ASEE Gulf-Southwest Section Annual Meeting 2018 Papers

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    Work-in-Progress: Research Plan for Introducing Problem Solving Skills through Activities to an Introductory Computer Science Course
    (American Society for Engineering Education, 2019-04) Coffman-Wolph, Stephany; Gray, Kimberlyn; Pool, Marcia
    This work-in-progress research plan paper describes the process of developing and planning an introductory computer science course utilizing fundamental problem-solving skills in combination with hands-on visual activities to explain various Computer Science (CS) concepts. Problem solving skills, as observed by the authors of the paper, are challenging for students across multiple STEM disciplines, but those who develop these skills perform better within their STEM courses. The authors hypothesize that introduction of these skills within a first-year computer science course will benefit a student’s successful completion of a STEM degree and their future STEM career [1]. The goal of this research is to integrate fundamental problem-solving skills into the existing course material and in-class activities. The research project will use two-sections of the same course taught during the same semester with approximately 200 students in each section. Nine hands-on activities, each covering a fundamental programming concept, were created to explain these concepts to students with a visual, real-world component. Both sections will cover the same computer science material, but some activities will be different between the two sections to allow for comparison of performance. There are nine planned activities: three will be performed with both sections; three will be performed only in section 1; and the remaining three will be performed only in section 2. Student performance on exams and programming assignments for these topics will be same and compared across both courses. This paper details the similarities and differences between the two sections of the course in terms of setup, activities planned, targeted problem- solving skills, and learning objectives. Additionally, the paper explains the evaluation plan and assessment tools/ measures to be used (including pre- and post-surveys and assessment of student performance).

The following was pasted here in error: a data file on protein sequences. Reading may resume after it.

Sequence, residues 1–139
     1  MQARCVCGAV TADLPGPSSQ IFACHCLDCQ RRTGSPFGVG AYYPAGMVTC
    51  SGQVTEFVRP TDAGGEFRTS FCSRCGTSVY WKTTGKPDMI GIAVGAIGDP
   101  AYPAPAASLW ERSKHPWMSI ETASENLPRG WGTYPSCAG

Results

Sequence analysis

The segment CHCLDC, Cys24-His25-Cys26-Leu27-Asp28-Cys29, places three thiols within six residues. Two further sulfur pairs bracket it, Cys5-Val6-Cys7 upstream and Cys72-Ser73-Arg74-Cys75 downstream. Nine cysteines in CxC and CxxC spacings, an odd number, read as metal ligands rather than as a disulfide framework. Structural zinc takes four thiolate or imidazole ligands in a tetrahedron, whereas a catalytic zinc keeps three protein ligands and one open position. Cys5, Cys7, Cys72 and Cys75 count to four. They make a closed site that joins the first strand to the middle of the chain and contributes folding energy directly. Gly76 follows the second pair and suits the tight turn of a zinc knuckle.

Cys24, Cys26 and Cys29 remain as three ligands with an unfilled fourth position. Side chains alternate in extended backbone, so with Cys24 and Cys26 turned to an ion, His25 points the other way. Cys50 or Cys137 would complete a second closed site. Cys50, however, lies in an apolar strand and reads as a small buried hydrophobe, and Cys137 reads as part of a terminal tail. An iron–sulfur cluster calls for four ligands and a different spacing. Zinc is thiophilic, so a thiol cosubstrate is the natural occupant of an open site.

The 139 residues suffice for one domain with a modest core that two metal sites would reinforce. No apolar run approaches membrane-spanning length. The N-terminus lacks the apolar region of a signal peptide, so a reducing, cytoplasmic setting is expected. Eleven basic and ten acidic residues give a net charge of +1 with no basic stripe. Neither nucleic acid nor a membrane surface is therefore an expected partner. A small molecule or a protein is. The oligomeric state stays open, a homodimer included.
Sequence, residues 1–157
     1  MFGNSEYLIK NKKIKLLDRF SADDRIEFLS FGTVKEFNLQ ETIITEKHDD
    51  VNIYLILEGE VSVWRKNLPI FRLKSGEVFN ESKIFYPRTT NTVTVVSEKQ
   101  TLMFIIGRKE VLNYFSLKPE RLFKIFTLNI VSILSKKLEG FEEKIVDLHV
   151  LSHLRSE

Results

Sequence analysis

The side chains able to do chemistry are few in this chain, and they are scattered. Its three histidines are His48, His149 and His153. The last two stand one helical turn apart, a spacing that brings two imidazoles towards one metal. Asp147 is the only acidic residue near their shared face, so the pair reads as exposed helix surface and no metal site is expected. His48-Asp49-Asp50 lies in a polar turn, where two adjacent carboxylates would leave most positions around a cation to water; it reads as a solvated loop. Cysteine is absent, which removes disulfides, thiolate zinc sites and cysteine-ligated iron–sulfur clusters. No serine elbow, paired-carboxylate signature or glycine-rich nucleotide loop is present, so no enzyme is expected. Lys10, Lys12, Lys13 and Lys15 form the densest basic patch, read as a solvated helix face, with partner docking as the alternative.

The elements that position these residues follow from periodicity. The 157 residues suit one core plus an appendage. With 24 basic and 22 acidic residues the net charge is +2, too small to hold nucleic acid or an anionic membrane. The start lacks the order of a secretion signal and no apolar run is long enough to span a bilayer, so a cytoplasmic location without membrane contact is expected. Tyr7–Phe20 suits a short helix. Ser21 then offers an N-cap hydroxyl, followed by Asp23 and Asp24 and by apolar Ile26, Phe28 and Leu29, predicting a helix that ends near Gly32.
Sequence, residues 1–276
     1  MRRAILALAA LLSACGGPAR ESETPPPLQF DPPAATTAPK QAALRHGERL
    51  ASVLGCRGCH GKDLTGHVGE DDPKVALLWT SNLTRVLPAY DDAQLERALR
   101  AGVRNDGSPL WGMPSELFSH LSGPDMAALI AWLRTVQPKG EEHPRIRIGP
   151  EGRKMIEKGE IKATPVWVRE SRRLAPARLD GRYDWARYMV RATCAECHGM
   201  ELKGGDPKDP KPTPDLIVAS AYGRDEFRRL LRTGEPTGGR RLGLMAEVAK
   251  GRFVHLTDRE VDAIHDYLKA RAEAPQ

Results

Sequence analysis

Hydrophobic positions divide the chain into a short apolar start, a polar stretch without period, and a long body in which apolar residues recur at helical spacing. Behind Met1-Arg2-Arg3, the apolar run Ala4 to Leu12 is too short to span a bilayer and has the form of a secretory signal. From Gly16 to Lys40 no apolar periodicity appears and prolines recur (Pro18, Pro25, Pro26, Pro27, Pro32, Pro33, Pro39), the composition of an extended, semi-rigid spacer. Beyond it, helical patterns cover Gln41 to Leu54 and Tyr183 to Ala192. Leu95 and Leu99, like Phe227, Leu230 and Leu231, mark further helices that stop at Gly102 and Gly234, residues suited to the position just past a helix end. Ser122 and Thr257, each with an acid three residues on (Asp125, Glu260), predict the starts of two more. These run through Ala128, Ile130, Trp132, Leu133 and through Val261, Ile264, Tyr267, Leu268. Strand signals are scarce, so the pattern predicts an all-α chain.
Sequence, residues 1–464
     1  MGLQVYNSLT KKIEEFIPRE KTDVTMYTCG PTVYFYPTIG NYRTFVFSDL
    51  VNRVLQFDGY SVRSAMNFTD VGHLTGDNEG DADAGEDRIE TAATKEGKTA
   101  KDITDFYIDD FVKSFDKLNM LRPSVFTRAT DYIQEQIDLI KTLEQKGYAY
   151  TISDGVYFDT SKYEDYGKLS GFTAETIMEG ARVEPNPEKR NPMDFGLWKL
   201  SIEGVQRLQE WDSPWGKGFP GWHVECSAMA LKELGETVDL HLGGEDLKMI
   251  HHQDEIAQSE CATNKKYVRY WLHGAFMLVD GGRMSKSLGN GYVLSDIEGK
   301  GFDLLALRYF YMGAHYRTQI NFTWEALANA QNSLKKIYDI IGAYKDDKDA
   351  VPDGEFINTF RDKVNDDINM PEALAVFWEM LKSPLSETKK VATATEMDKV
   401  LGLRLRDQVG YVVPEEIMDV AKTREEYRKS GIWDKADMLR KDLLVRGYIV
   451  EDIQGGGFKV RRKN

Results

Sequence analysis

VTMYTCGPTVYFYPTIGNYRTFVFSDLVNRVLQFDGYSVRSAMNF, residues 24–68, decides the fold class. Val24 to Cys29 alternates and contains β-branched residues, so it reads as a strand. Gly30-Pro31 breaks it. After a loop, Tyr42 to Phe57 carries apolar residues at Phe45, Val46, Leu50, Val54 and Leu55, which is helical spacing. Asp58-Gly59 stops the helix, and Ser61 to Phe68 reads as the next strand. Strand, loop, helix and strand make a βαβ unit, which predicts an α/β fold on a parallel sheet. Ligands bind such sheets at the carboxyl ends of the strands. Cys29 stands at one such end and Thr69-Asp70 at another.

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    Water Content and Thermoplastic Polyurethane Effects on Thrombosis Clotting
    (American Society for Engineering Education, 2019-04) Small, Madeline; Jackson, Monica; Neuenschwander, Pierre; Chou, Shih-Feng
    One of the main factors that can increase the chance of heart disease is unwanted blood clotting, or thrombosis. In addition, implantable biomaterials and/or medical devices are likely to trigger a series of adverse reactions that can lead to unwanted blood clotting. Herein, we study a thromboresistant polymeric material, specifically thermoplastic polyurethanes (TPUs), on their physical properties and anticoagulation performance. Their hydrophobic nature and superior mechanical properties make them an ideal candidate for coating materials on implantable medical devices, such as vascular stents. Our results show that hydrophobic TPUs absorbed minimal to negligible water content and provided excellent thromboresistant properties against human plasma.
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    Using Twitter to Support Students' Design Thinking
    (American Society for Engineering Education, 2019-04) Markey, Mia K.; Monteiro, Joao Carlos; Stewart, Julie
    The goal of the short-term study abroad course “International Perspectives on Biomedical Engineering Design” is to enable students to consider sociotechnical factors in designing clinically translatable solutions. In addition, comparison of healthcare systems in Europe and the United States enables students to see the impact of culture on healthcare because people in these locations have similar medical resources. Students seek to define an actionable problem statement that summarizes the needs and insights identified through interviews with healthcare professionals. Methods recommended for formulating actionable problem statements include creating a Madlib or want ad. However, such approaches did not resonate with our student group. In this presentation, we describe our experiences using Twitter as a method for students to succinctly write actionable problem statements that spur creative problem solving.